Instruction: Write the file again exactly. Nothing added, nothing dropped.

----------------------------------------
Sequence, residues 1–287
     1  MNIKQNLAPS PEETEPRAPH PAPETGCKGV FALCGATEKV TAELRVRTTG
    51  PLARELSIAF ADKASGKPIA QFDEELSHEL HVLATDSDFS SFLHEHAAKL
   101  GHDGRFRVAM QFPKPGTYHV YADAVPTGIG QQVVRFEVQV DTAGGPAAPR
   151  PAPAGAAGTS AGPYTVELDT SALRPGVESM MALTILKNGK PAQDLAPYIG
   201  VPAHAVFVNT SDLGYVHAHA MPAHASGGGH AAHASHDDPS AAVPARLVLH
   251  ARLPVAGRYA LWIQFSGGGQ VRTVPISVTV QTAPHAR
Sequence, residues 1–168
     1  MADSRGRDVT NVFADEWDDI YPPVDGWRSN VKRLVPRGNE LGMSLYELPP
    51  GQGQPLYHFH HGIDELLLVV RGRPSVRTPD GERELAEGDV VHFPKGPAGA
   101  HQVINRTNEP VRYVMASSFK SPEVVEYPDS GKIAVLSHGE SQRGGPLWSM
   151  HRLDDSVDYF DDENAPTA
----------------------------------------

Sequence, residues 1–287
     1  MNIKQNLAPS PEETEPRAPH PAPETGCKGV FALCGATEKV TAELRVRTTG
    51  PLARELSIAF ADKASGKPIA QFDEELSHEL HVLATDSDFS SFLHEHAAKL
   101  GHDGRFRVAM QFPKPGTYHV YADAVPTGIG QQVVRFEVQV DTAGGPAAPR
   151  PAPAGAAGTS AGPYTVELDT SALRPGVESM MALTILKNGK PAQDLAPYIG
   201  VPAHAVFVNT SDLGYVHAHA MPAHASGGGH AAHASHDDPS AAVPARLVLH
   251  ARLPVAGRYA LWIQFSGGGQ VRTVPISVTV QTAPHAR
Sequence, residues 1–168
     1  MADSRGRDVT NVFADEWDDI YPPVDGWRSN VKRLVPRGNE LGMSLYELPP
    51  GQGQPLYHFH HGIDELLLVV RGRPSVRTPD GERELAEGDV VHFPKGPAGA
   101  HQVINRTNEP VRYVMASSFK SPEVVEYPDS GKIAVLSHGE SQRGGPLWSM
   151  HRLDDSVDYF DDENAPTA